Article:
In 1518, Elizabeth Denton erected a tomb to herself in Blackfriars, she lived in some comfort in the Blackfriars Precinct until her death. She had a messuage, tenement and garden with a way to the waterside between the garden of Lady Peacock on the west and the garden of Richard Tryce on the east, and also had two chambers and a cellar under the under-library adjacent to the hill garden.
Elizabeth Denton left a will dated 26 April 1518, in which she left thirty shillings to the prior and chapter of Blackfriars. There is mention in her father’s will that her heir was her son Walter, but he appears to have pre-deceased her.
The John and William Denton mentioned here are suggestive of the individuals detailed on this page, but sadly, I could find no data to confirm that we are connected to Lady Elizabeth Denton.
Nicholas’s son William had served with him as joint-clerk of the watch at Berwick but, on moving south, he worked as steward to the Browne family in Midhurst Sussex. He travelled widely with Sir Anthony Browne of Cowdray and his son. In 1549 he acquired property in Southwark, then in Surrey. Of course, he and the Brownes’ staunch Catholicism proved a significant asset during the five years of Mary I’s reign (1553-1558), but both of them managed to maintain their status under Elizabeth I as well.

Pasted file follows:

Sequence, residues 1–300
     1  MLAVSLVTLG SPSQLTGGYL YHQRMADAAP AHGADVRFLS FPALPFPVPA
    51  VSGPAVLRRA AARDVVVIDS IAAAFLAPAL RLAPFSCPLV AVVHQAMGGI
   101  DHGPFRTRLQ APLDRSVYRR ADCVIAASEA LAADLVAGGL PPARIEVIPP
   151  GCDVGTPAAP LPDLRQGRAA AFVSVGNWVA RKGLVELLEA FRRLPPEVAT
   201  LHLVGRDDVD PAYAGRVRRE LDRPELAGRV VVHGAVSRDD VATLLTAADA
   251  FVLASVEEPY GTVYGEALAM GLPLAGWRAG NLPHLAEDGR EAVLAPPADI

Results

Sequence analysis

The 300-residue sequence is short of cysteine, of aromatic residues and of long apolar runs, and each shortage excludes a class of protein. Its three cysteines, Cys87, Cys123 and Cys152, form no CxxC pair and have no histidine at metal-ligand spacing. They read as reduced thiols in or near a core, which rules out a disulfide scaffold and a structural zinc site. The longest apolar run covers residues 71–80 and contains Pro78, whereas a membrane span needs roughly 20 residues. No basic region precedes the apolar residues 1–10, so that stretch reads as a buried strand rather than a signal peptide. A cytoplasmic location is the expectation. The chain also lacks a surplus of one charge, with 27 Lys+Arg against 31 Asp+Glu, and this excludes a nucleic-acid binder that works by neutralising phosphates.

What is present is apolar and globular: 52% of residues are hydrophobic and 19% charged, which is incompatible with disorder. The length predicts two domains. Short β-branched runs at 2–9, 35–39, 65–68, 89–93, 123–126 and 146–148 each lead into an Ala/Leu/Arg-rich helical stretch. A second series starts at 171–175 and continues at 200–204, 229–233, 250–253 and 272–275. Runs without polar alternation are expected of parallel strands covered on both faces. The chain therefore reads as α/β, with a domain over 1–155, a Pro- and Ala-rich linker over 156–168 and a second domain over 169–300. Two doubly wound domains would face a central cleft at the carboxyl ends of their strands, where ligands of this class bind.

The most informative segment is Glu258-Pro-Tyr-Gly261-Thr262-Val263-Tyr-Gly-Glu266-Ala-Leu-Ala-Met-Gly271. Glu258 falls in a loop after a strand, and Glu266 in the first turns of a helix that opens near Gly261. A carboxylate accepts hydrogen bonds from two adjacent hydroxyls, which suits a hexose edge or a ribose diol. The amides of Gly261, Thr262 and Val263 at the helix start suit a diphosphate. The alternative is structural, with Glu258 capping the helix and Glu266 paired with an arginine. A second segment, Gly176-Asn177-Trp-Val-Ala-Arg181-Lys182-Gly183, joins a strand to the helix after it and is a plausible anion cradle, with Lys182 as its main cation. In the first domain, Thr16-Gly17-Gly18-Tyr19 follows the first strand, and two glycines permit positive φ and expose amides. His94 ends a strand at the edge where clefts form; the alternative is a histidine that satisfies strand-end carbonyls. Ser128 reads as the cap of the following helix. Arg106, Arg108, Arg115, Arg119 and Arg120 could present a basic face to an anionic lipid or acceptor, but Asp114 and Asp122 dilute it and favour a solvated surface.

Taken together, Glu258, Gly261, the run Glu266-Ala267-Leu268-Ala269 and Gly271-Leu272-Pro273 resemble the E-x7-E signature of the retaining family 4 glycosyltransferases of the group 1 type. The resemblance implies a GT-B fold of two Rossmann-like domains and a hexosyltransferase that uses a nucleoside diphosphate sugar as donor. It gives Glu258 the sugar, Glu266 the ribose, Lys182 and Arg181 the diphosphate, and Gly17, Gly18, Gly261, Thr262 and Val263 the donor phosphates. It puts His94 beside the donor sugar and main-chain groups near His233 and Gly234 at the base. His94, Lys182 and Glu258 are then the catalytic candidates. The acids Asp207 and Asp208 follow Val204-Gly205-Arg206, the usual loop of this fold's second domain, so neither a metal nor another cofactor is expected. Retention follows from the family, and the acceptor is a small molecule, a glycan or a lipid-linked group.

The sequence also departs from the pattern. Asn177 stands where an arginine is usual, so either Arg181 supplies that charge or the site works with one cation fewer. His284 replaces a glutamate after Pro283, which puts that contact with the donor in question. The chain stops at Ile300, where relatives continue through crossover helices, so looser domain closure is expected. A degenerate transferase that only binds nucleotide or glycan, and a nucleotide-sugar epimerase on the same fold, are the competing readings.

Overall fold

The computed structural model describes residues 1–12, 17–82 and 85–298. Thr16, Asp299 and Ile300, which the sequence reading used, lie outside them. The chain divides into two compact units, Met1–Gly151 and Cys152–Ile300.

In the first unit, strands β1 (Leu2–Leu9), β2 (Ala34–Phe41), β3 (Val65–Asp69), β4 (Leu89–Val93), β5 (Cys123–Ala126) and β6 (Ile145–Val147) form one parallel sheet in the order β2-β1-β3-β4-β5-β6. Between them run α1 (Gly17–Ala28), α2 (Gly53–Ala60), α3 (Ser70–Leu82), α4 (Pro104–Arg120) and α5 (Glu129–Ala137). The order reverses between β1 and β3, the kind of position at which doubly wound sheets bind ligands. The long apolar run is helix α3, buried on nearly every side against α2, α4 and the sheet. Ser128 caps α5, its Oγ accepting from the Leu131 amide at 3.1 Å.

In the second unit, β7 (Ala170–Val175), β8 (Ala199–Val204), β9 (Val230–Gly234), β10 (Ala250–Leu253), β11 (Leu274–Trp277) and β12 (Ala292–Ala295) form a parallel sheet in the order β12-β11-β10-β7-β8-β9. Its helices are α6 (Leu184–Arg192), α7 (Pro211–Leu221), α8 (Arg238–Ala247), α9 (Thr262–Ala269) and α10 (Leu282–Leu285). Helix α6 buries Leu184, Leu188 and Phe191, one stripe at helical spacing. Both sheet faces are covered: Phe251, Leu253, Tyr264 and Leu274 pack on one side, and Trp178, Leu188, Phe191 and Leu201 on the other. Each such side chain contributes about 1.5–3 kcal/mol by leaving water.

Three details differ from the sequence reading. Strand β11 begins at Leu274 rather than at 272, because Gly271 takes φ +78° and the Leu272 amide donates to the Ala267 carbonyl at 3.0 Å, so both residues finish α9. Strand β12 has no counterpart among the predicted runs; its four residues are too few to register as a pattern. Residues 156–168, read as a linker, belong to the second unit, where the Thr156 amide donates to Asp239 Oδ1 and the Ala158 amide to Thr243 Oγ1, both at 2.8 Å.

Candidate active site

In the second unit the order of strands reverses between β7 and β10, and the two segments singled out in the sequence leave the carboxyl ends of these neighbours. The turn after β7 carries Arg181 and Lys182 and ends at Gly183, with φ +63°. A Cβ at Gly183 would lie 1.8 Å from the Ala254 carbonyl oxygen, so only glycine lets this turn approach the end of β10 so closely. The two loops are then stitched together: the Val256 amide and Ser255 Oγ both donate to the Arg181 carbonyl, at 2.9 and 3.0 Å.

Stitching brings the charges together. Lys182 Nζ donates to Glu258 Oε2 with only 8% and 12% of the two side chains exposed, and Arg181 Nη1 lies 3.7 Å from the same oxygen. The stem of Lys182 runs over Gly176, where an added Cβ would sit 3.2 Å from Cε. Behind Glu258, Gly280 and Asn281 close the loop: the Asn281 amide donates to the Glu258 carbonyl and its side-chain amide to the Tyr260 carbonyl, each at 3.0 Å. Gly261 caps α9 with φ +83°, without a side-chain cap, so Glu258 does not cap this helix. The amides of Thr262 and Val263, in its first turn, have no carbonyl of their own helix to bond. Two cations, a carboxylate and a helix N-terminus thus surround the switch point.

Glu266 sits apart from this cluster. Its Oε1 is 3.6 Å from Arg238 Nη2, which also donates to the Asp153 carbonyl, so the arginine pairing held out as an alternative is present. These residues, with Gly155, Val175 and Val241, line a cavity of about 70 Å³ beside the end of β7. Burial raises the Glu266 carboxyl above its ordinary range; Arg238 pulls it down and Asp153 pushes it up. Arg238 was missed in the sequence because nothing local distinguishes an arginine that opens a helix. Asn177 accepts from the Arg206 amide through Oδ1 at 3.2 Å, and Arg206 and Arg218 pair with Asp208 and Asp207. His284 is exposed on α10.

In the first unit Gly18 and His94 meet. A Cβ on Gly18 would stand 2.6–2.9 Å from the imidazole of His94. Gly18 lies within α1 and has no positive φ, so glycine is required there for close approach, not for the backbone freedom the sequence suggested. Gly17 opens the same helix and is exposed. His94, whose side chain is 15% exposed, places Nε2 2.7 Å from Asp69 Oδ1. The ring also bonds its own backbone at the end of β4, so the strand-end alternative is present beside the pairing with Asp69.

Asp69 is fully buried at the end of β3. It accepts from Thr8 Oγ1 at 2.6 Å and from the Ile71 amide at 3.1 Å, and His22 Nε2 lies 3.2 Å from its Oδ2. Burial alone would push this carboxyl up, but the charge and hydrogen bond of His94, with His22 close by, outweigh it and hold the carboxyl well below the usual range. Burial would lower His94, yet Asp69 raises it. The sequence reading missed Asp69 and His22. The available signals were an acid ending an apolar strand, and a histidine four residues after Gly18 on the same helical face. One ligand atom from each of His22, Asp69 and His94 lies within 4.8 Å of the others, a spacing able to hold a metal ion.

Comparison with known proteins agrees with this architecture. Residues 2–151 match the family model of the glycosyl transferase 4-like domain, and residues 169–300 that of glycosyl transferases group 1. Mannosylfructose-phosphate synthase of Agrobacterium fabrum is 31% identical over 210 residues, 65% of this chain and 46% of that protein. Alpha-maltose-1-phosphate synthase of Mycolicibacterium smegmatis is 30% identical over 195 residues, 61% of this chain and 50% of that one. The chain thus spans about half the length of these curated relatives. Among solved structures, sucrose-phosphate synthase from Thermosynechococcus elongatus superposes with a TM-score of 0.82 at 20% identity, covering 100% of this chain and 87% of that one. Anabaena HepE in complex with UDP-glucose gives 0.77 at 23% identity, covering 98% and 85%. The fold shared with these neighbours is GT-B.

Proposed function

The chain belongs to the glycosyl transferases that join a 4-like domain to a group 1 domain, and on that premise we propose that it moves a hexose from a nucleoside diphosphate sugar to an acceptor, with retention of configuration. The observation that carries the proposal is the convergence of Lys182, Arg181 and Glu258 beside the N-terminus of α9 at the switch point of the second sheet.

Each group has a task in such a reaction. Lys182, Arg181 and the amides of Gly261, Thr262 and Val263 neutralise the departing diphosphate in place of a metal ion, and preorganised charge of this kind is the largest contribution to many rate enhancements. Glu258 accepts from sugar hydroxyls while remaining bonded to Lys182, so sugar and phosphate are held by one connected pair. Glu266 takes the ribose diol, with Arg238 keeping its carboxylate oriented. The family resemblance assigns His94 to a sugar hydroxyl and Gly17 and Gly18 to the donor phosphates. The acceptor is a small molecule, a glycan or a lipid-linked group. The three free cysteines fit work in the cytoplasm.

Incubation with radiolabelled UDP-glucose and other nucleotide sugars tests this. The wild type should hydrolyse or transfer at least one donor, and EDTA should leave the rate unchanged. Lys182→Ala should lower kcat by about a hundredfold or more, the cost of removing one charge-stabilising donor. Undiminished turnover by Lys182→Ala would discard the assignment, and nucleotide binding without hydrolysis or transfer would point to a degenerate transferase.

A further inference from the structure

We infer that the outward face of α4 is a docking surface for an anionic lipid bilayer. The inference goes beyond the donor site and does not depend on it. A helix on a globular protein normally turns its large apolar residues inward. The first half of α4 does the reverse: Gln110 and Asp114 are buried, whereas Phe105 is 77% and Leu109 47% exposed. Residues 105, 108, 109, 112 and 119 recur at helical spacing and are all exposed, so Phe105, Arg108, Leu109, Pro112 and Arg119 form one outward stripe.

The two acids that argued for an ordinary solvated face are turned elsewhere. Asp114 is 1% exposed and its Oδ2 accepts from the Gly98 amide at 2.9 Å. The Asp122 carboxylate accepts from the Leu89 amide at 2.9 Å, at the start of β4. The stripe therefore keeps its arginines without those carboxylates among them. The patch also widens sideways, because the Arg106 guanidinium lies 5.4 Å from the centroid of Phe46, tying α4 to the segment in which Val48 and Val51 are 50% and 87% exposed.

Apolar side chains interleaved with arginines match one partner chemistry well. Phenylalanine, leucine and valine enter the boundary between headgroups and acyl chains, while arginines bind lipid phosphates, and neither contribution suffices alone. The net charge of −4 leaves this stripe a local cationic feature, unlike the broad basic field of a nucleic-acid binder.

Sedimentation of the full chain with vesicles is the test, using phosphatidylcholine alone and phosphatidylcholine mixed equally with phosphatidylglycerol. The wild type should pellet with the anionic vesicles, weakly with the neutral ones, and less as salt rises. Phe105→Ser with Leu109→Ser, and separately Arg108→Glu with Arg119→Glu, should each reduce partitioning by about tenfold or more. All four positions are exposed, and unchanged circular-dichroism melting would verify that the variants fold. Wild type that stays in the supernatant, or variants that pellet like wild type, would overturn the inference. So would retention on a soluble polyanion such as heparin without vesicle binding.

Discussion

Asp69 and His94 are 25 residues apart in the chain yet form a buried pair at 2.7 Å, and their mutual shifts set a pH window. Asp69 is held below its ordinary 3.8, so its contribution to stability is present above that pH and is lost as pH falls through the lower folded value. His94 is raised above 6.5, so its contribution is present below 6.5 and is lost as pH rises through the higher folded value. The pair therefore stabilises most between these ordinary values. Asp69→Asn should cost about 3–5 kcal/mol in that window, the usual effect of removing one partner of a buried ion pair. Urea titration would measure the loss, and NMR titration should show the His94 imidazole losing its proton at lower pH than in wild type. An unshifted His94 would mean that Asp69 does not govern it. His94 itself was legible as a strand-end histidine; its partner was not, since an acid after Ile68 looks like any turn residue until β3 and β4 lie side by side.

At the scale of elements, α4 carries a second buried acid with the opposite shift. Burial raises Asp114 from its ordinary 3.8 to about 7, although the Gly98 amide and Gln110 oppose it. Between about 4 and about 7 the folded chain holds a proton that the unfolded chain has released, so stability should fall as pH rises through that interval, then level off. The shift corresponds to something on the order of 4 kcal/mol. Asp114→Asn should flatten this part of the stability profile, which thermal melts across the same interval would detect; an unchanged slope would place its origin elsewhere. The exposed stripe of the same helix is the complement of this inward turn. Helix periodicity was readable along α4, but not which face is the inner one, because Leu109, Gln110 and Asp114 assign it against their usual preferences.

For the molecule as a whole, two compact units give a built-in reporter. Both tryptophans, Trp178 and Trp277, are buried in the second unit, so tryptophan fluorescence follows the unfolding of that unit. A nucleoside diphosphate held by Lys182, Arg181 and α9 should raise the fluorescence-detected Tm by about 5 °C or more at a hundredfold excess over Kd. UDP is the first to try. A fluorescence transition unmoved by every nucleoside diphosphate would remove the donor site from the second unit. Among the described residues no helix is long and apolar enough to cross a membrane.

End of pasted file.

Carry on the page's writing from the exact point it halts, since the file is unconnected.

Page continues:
William served eight terms as MP for Midhurst from 1553. He also served as commissioner for Kent sewers in 1564. In 1557 he bought the manor at Stedham in Sussex (adjacent to Midhurst) for £760 and just before his death in 1564 he purchased the rectory of Tonbridge, Kent.
In 1564 he was surveyor to Browne’s son Anthony who was by then Viscount Montagu. William’s travels are perhaps best highlighted by items left in his will – a damask tablecloth bearing the Emperor’s arms, with matching towel, cupboard cloth and a dozen napkins, maps, cards and pictures.
Nicholas’s other son Sir Anthony Denton matriculated from Brasenose College Oxford in 1578 at eighteen years of age. He joined the Middle Temple in 1581. Anthony left one daughter, then this line died out.
|Note on shorthand acronyms being used in the DFB:|
– GGF1 / GGM1 – means first great-grandfather /mother;
– GU11 / GA11 – means eleventh great-uncle / great-aunt;
– 1C3 – means first cousin three times removed